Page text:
History-Lesson Wednesdays: A Series

Hello again. Part of my goal this summer, and with this blog, is to fill in some gaps in my own knowledge about marginalized histories. This includes the history people of color, of queer people, of people with disabilities, etc. In an attempt to share what I missed in school, I’ll be updating every Wednesday with a little bit of history I didn’t learn in school. Side note: If I get anything wrong, please let me know!

This week: The Myth of the Black Rapist
tw: rape and rapists mention, racism

Oftentimes, black men are referred to as super-predators, and accused of “impregnating white women.” Here’s where the Black Men As Rapists Myth comes from: The Democratic Party in the 1890s. Remember, in the 1800’s the party names were flipped, Democrats being part of the Confederacy and the Republicans fighting for equal rights. Anyways, the blacks who could vote, the Republicans who were outnumbered, and this new party called the “Populists,” (those that believed that blacks and whites shared the same economic problems and should therefore be allied in political power) formed this thing called Fusion. Fusion was just a fancy way of saying, hey, if we all get together we can outnumber these racists Democrats.

And it ALMOST worked (a phrase I feel like I’ll be writing a lot of, soon). The whites were all, this-can-be-good-for-all-of-us, and the blacks were also on board, and then the Democratic party was like HOLD UP. They decided to put “the fear of God” into the white voters, and cast black people, who could’ve been elected to office, as villains.

It was here, in the newspapers of the late 1890s, that the Black Men as Rapists myth gained traction [Note: I’m not entirely sure that this is where the myth originated, this is just the first place in my readings I’ve seen it appear]. Newspaper headlines read “Estimable Lady Grossly Assaulted by Black Negro!” and pictured black men lurking in the bedrooms of white women. These images and headlines were so popular and widespread that they made this idea seem like an epidemic, and basically crushed any chance of Fusion. Unfortunately, the Democratic party also started this dumb myth that still permeates our country, as mentioned in the links above.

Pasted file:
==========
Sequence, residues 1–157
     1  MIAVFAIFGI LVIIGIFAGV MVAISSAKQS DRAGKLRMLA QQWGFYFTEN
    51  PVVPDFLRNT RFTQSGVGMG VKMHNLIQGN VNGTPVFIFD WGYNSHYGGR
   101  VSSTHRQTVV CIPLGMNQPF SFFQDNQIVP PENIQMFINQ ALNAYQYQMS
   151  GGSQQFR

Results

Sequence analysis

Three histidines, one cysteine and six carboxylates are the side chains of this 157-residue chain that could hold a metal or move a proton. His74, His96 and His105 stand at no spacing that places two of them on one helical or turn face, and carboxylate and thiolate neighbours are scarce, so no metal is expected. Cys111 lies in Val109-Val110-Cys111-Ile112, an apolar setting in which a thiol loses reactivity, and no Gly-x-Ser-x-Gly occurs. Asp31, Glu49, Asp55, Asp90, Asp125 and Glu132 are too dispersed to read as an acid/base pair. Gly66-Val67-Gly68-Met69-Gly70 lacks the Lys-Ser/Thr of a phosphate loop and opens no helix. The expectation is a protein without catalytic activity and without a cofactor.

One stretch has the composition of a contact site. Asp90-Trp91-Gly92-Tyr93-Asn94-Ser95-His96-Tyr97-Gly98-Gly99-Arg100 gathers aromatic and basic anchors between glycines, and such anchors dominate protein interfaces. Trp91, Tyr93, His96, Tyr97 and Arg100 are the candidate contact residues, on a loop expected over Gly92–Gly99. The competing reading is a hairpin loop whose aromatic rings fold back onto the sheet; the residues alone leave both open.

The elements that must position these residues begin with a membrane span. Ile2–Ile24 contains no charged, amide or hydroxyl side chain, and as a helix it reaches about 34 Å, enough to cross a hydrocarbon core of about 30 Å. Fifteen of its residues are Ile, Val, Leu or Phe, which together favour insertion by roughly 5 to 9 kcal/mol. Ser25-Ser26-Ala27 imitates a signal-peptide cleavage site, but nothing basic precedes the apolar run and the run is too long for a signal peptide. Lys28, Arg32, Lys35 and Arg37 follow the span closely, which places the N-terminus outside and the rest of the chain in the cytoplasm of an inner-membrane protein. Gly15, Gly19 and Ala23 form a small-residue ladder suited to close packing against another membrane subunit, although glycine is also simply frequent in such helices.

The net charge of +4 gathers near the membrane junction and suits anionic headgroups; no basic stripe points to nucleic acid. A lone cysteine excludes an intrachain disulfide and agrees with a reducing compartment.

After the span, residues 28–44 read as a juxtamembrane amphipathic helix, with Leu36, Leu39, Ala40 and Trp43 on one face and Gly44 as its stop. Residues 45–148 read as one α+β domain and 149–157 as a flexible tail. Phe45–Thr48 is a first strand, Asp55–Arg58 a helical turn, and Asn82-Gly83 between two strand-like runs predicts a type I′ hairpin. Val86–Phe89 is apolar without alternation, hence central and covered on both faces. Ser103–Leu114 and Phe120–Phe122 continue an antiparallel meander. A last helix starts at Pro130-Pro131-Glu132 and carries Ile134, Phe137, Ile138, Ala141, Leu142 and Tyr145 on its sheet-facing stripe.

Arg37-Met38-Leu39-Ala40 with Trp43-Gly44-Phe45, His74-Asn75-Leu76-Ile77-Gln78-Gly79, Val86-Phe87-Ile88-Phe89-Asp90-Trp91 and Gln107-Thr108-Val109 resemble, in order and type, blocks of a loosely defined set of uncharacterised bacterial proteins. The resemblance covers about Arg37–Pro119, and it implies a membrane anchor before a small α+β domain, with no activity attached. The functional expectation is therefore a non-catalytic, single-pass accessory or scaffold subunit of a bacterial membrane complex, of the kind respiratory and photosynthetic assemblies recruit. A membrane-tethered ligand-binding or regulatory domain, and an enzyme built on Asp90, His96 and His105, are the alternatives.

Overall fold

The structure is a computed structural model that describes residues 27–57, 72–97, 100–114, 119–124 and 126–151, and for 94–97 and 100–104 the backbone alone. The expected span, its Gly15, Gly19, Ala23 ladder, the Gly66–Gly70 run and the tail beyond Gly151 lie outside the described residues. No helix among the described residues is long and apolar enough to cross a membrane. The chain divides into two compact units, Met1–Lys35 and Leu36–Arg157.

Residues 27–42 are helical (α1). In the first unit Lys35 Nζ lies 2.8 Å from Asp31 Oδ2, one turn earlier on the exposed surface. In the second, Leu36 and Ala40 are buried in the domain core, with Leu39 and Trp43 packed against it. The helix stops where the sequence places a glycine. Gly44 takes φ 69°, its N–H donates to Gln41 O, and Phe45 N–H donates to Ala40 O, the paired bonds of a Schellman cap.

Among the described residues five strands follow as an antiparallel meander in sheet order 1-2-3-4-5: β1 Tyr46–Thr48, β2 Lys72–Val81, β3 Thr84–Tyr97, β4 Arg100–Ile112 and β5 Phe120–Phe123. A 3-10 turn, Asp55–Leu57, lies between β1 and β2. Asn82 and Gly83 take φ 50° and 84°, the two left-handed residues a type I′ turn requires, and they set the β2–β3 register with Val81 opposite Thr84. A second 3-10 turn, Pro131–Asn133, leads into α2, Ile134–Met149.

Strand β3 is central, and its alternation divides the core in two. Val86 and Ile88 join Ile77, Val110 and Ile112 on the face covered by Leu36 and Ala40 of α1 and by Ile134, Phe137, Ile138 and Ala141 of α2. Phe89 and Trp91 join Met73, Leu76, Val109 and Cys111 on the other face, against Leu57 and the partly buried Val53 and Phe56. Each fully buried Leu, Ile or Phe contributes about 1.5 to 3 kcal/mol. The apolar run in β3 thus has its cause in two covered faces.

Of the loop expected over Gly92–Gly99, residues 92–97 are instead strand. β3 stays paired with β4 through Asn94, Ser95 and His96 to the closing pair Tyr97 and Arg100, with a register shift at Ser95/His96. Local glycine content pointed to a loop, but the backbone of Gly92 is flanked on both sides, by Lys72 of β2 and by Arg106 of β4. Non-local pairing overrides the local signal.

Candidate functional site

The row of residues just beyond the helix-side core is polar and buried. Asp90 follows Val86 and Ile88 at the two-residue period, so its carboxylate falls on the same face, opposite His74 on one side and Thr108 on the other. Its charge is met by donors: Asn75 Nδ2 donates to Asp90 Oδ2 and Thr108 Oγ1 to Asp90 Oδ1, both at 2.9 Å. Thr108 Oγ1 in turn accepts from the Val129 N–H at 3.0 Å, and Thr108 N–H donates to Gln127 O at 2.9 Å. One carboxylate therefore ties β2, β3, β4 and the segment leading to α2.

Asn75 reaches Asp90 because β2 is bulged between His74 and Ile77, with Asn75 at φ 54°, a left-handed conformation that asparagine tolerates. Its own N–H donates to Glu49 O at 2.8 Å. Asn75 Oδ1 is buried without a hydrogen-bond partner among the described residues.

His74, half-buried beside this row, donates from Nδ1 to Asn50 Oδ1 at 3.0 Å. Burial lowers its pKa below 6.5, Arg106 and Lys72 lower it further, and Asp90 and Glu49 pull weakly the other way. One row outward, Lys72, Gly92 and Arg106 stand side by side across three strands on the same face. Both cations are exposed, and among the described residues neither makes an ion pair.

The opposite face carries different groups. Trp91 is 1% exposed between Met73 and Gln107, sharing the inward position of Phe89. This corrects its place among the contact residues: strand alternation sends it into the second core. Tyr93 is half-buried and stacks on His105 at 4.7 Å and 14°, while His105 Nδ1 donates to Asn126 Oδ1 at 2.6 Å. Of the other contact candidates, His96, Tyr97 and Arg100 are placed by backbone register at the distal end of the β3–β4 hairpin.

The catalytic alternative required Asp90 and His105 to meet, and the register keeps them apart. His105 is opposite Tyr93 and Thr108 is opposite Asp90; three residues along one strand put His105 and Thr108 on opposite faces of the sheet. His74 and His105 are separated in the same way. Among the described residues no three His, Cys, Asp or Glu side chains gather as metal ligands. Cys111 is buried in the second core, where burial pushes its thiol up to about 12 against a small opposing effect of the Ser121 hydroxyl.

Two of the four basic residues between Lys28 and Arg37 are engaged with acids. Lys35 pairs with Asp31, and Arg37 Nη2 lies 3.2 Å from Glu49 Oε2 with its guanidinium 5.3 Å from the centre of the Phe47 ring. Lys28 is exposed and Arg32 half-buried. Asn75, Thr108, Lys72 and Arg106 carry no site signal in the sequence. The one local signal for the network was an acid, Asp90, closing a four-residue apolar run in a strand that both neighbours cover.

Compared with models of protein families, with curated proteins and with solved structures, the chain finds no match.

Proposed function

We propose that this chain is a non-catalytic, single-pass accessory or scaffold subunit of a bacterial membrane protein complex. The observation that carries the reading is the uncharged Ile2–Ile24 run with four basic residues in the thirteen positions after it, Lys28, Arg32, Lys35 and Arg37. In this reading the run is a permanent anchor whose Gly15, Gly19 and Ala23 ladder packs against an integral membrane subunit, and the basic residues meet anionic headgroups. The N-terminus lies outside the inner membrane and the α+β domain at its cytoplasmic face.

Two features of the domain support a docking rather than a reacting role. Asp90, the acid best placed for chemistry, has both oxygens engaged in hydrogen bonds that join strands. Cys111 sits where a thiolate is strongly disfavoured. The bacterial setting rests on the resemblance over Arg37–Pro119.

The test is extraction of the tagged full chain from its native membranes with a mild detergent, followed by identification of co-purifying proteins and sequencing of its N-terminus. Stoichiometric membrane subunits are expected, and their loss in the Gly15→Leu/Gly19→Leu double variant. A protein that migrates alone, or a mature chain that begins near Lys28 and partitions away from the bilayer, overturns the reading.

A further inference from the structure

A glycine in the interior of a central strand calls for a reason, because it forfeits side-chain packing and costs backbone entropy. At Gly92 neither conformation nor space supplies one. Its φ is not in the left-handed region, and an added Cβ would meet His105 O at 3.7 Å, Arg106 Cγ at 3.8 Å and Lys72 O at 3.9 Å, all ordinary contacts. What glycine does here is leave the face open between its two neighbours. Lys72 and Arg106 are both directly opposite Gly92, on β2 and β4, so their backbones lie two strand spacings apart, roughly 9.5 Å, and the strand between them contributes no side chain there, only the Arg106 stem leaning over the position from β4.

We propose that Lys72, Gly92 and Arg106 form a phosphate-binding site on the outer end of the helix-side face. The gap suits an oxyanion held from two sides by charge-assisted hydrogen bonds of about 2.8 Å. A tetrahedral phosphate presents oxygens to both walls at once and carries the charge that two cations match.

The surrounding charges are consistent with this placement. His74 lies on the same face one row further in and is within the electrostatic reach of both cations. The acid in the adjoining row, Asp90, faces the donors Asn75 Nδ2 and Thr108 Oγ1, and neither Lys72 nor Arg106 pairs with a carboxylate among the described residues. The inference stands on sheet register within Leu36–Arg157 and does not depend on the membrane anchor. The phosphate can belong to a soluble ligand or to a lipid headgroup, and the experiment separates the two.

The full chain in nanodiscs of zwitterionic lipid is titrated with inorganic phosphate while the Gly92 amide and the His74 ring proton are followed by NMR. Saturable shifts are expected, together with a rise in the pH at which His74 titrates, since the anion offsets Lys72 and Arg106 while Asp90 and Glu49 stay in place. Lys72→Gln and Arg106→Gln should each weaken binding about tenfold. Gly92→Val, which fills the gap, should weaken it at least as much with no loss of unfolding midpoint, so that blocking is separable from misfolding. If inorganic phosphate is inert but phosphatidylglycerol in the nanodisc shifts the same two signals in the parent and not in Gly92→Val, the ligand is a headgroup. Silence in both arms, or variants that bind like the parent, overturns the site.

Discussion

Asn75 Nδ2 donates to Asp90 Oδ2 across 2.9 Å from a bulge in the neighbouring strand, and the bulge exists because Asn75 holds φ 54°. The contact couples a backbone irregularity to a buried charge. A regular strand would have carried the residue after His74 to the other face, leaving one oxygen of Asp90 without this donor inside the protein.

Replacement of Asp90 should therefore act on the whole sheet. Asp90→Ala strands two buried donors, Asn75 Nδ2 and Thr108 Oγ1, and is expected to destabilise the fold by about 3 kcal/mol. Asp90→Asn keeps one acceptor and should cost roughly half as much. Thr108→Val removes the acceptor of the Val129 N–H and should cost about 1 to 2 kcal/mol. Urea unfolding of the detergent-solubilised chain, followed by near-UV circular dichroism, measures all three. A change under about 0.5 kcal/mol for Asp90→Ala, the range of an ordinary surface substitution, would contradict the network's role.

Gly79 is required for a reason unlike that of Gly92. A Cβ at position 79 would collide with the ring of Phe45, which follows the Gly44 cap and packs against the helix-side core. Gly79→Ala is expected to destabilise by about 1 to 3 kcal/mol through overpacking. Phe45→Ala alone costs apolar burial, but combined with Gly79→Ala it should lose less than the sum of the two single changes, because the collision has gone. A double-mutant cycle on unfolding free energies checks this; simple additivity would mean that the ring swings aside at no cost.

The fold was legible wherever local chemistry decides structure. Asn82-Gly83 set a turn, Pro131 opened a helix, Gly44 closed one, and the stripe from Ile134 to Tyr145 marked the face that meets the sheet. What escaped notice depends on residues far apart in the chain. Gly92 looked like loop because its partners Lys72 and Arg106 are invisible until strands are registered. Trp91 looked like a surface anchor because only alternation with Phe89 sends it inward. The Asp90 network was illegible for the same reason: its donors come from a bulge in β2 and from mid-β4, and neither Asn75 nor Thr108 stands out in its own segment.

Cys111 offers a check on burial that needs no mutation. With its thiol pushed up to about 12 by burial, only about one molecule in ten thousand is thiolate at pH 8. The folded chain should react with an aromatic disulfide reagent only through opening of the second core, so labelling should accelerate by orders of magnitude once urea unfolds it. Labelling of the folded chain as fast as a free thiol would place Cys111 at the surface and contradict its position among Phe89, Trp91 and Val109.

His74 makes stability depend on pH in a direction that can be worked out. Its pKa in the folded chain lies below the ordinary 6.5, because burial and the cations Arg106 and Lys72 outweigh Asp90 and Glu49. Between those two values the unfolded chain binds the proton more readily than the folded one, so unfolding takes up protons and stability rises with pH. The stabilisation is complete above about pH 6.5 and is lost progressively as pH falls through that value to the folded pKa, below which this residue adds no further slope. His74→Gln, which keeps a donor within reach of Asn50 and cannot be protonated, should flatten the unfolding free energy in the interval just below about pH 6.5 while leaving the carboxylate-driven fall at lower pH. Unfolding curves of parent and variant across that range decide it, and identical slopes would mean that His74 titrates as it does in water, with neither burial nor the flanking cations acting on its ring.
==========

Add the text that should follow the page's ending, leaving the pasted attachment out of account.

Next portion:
Why don’t we learn this when we read To Kill a Mockingbird? Why isn’t the history behind these malicious ideas taught to students? My theory: To Kill a Mockingbird is a story of a white lawyer helping a black men (and failing, but hey, that isn’t the white man’s fault, right?) Admitting that the legacy of these myths comes from white people, our malicious ancestors, is to destroy the picture-perfect version that is beginning to crumble in the face of social media and people becoming “woke.” It also takes away from the “savior white person” vision that we see in books where the white lawyer/housewife “overcomes racism” and “everything is good now.”

We need schools to play a part in teaching our racist history; we need schools to teach the full story, regardless of how the past will look.

Source: Better Day Coming: Blacks and Equality, 1890-2000, by Adam Fairclough